Spatial utilisation of fast-ice by Weddell seals Leptonychotes weddelli during winter


  • Samantha Lake,

  • Simon Wotherspoon,

  • Harry Burton

S. Lake (, Inst. of Antarctic and Southern Ocean Studies, Univ. Tasmania, Private bag 77 Hobart 7001, Tasmania, Australia. – S. Wotherspoon, School of Maths and Physics, Univ. of Tasmania, Private bag 80 Hobart 7001, Tasmania, Australia. – H. Burton, Australian Antarctic Div., Channel Highway, Kingston 7050, Tasmania, Australia.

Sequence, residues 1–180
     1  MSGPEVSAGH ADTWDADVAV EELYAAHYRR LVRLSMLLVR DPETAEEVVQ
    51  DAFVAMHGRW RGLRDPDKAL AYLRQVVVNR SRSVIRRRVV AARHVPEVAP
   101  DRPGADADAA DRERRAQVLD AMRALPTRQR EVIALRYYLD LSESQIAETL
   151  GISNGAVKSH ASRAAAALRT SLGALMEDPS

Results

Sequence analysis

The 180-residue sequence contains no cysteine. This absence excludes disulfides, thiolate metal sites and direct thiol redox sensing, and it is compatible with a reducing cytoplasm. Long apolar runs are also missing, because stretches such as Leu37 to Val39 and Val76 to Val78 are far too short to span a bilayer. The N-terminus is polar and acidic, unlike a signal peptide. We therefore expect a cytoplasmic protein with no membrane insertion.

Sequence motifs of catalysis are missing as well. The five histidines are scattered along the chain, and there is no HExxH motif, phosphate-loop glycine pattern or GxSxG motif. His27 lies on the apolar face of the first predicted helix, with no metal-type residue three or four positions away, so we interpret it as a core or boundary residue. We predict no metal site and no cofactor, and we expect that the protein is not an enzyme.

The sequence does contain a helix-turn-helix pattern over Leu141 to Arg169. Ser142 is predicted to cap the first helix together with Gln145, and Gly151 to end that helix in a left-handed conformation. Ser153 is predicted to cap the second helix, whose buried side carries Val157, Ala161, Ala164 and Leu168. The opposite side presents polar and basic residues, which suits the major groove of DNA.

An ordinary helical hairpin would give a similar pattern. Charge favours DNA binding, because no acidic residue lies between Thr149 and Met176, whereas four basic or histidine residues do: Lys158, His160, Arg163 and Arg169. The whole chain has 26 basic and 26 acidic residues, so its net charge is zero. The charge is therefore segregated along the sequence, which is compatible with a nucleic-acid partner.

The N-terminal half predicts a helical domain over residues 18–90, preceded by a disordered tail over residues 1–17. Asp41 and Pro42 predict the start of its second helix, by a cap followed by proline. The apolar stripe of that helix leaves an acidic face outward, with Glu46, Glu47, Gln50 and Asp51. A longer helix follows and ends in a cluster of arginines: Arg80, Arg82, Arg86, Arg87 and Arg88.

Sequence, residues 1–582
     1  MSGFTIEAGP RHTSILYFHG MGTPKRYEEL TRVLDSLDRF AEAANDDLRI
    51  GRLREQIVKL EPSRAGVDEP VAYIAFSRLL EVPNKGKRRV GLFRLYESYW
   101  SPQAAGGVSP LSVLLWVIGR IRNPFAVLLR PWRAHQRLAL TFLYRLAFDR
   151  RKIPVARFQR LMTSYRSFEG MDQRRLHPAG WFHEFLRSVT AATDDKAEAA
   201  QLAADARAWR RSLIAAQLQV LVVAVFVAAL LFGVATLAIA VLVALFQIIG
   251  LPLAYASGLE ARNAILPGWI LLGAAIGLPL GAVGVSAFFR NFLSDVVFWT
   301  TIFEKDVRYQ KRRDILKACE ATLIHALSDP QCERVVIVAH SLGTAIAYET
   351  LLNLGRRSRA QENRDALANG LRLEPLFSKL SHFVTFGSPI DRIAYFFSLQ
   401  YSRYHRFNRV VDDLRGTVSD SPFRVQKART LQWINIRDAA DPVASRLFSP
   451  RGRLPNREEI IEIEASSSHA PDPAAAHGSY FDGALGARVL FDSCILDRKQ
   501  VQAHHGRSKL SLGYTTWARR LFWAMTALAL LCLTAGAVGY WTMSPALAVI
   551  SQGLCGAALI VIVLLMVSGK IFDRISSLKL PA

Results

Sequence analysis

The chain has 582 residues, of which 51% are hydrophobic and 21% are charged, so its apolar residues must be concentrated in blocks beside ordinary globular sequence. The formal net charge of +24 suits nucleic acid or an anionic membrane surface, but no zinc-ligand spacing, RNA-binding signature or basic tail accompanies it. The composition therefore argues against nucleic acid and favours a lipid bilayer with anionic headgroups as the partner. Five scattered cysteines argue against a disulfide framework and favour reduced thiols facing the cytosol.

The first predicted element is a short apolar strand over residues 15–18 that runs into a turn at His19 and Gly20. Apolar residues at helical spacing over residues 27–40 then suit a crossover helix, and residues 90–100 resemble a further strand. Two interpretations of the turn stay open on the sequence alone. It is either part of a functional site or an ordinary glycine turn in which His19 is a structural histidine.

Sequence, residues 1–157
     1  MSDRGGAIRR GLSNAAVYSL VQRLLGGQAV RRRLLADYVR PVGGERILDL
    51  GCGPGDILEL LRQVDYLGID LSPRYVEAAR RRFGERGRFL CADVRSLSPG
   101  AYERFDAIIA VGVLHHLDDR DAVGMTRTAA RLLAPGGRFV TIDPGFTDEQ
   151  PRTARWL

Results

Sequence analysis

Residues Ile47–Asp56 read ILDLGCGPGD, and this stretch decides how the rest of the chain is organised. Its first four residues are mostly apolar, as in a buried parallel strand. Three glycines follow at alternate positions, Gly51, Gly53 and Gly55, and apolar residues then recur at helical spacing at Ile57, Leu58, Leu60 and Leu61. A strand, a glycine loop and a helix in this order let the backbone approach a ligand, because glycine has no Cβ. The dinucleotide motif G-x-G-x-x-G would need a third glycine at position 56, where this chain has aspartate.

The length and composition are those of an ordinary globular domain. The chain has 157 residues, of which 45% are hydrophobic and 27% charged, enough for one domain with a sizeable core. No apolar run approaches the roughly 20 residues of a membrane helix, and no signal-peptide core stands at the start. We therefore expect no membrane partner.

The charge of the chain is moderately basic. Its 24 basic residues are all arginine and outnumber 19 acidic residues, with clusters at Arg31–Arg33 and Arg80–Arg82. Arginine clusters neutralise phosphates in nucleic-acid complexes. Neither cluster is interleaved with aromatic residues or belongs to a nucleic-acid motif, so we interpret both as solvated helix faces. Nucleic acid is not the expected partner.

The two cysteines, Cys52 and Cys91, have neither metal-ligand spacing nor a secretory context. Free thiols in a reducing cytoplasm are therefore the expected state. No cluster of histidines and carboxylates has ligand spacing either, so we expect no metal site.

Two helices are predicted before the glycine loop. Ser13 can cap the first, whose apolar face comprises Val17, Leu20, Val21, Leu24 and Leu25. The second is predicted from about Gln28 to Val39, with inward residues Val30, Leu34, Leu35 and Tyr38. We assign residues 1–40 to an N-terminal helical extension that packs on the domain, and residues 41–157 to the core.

This study describes the distribution of Weddell seals Leptonychotes weddelli in winter (May–September 1999) at the Vestfold Hills, in Prydz Bay, East Antarctica. Specifically, we describe the spatial extent of haul-out sites in shore–fast sea-ice, commonly referred to as fast-ice. As winter progressed, and the fast-ice grew thick (ca 2 m), most of the inshore holes closed over, and the seals’ distribution became restricted to ocean areas beyond land and islands. Using observations from the end of winter only, we fitted Generalised Additive Models (GAMs) to generate resource selection functions, which are models that yield values proportional to the probability of use. The models showed that seal distribution was defined mainly by distance to ice-edge and distance to land. Distance to ice-bergs was also selected for models of some regions. We present the results as maps of the fitted probability of seal presence, predicted by the binomial GAM for offshore regions, both with and without autocorrelation terms. The maps illustrate the expected distribution encompassing most of the observed distribution. On this basis, we hypothesise that propensity for the fast-ice to crack is the major determinant of Weddell seal distribution in winter. Proximity to open water and pack-ice habitats could also influence the distribution of haul-out sites in fast-ice areas. This is the first quantitative study of Weddell seal distribution in winter. Potential for regional variation is discussed.